6. I think a big reason superheroes are the predominant form is that many/most of today's comics readers grew up reading or watching superheroes, so they're our "comfort food" of entertainment, a way of reconnecting with the entertainment of our youth. Even when a book is bad, it reminds us of the past, gives us common thru-line in our lives (a big part of why I stuck with the the various Teen Titans books for way longer than I should have).

    But I don't think I'd quite word it as "more people [should] just read indies," or that "superheroes stink," because there are very good mainstream hero books (e.g. Manhunter, All-Star Superman) and very bad indy books (I reflexively ignore autobiographical indies at this point, even the supposed good ones). And then there's Matthew's point of what exactly is an indy these days. Does Vertigo count? How about Image or Dark Horse?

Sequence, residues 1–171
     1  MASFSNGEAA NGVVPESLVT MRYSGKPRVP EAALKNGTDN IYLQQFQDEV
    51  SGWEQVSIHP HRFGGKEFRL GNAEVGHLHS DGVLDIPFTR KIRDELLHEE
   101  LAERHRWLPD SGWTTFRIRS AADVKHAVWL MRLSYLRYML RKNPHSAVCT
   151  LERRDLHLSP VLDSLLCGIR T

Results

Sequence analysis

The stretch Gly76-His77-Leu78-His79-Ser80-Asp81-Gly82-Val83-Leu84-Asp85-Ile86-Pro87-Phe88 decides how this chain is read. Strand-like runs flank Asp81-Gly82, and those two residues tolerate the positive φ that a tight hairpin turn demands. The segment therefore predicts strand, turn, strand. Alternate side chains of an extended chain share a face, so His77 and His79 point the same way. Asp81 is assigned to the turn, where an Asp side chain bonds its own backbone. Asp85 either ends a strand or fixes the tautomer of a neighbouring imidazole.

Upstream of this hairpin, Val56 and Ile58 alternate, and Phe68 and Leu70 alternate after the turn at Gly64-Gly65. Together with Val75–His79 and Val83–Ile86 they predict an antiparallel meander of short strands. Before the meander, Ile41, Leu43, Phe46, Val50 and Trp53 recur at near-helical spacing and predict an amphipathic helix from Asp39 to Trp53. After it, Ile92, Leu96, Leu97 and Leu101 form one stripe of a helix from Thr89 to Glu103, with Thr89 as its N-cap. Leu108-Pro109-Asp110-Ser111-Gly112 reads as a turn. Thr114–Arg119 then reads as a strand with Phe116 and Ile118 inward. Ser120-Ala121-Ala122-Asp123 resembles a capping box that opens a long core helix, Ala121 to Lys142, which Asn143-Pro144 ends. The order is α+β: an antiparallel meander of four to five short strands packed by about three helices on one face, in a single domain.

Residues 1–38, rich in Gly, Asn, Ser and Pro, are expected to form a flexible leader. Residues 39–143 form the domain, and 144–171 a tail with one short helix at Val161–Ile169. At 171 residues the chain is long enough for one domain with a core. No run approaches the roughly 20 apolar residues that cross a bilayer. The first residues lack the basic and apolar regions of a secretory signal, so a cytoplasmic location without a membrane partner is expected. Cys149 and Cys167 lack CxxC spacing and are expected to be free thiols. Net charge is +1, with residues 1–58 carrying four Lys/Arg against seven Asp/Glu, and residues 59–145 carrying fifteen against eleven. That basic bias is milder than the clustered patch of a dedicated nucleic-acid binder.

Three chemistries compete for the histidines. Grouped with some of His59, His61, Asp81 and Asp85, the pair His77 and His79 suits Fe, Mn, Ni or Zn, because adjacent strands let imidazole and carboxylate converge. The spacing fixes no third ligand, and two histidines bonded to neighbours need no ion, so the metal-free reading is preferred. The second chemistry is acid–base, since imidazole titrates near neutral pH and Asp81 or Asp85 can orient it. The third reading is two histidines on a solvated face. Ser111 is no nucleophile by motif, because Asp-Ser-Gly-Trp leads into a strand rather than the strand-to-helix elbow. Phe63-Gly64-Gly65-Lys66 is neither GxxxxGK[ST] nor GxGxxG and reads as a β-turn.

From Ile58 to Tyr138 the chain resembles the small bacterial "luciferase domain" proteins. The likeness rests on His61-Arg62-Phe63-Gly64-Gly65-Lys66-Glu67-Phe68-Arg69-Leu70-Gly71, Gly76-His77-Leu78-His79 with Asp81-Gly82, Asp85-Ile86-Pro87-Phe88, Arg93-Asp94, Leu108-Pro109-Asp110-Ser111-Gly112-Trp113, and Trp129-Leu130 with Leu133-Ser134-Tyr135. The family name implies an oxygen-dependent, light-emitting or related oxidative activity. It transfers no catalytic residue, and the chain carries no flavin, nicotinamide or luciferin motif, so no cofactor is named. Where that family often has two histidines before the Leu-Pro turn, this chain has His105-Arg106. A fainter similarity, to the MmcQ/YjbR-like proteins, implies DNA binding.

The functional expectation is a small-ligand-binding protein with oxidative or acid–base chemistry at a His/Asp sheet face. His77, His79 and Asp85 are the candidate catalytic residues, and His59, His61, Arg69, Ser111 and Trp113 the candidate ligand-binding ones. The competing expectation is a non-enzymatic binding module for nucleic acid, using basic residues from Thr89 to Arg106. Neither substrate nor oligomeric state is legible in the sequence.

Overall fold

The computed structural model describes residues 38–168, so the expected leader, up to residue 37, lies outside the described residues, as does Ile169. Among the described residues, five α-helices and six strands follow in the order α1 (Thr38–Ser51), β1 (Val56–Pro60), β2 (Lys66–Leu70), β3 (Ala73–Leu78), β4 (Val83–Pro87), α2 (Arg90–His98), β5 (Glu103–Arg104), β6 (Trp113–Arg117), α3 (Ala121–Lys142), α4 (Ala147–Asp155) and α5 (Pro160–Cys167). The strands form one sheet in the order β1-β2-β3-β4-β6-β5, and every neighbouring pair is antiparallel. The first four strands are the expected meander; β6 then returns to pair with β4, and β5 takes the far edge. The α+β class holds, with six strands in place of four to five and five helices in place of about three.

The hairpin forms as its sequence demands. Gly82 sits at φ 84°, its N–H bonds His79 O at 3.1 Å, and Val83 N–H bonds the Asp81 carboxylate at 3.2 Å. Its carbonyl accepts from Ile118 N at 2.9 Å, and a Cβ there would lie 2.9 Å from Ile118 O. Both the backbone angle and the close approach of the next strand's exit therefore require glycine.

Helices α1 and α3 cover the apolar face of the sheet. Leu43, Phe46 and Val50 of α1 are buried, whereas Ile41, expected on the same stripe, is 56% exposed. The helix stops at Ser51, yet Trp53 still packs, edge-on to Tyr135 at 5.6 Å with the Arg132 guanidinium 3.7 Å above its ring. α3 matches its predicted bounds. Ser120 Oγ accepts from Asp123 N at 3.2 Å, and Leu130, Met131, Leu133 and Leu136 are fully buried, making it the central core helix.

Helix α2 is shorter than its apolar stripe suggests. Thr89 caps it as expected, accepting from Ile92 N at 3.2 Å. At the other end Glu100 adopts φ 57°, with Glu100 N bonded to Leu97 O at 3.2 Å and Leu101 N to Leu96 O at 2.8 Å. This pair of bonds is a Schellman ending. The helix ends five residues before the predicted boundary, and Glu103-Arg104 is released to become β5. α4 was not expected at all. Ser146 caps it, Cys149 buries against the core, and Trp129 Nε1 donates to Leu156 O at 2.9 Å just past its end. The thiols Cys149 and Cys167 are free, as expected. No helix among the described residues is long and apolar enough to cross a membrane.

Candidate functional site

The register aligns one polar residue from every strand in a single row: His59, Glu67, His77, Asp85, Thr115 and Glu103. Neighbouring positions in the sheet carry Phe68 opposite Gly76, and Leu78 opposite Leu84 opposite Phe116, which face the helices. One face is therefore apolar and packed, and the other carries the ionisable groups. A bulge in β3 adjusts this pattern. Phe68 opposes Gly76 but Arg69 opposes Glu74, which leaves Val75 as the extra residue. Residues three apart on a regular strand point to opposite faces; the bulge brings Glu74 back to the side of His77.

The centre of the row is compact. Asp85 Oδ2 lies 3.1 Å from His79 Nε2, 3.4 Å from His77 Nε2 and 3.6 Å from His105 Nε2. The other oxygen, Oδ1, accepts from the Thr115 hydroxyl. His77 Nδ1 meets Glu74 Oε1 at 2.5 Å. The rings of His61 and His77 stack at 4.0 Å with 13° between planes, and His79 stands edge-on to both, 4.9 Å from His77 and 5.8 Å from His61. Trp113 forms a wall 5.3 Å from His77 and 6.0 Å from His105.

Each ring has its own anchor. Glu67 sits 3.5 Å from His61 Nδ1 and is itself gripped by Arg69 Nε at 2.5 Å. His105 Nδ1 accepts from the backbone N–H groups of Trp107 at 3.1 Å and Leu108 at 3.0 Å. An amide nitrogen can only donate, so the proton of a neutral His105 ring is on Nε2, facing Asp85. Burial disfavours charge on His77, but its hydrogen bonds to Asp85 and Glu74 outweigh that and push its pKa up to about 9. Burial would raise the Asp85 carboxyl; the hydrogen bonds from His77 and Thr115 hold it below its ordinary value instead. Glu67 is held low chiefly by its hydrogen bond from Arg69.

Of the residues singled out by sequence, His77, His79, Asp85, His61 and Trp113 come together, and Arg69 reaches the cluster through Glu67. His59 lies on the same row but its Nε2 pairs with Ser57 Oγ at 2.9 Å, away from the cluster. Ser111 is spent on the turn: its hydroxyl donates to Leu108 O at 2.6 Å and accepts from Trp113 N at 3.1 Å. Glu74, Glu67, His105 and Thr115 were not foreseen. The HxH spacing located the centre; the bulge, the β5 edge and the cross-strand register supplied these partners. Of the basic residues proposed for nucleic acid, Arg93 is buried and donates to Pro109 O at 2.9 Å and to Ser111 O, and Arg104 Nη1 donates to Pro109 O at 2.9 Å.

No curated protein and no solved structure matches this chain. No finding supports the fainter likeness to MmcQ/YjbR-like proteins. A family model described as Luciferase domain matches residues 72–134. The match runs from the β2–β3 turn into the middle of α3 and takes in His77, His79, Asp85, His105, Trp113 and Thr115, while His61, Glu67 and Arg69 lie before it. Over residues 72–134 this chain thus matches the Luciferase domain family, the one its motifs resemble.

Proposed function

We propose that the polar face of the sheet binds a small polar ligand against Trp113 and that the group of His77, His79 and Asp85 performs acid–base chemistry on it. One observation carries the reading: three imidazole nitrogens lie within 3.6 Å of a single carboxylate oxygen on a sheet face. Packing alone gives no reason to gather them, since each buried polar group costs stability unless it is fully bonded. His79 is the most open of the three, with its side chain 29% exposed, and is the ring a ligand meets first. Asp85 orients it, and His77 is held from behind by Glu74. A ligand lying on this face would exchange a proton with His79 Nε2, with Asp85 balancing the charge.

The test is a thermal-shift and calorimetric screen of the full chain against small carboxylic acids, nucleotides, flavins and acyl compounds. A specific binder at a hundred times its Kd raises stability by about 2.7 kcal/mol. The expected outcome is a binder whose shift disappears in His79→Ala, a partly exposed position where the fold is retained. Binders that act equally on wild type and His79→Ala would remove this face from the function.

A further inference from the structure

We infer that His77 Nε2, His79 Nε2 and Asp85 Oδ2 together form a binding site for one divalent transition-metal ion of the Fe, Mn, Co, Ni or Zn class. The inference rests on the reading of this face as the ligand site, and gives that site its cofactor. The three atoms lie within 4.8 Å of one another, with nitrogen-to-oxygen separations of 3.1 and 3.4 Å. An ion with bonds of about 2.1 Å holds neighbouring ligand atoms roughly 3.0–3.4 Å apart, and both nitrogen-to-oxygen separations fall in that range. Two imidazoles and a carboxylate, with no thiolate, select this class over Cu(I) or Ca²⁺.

For me, the issue is more a matter of the quality of superhero books. People won't let go and stop buying bad books, instead waiting in hopes that things will get better (yes, I'm talking to you, Jim :-). Buying a well-written, beautifully-drawn superhero book is a better thing than buying a crappy indy simply because it's an indy (which to me is the halmark of the "too-cool-for-school hipster").

    I can't count the number of times I've heard people (including myself) say, "this book isn't very good; I don't know why I keep getting it." The difference is, a bad indy usually doesn't last long, but a bad mainstream superhero book goes on far too long because people let it. They may talk in the store or blog about how bad it is (Titans, anyone?), but in the end they're not willing to stop purchasing their nostalgia fix. Until that happens, many superhero books will stink simply because we let them.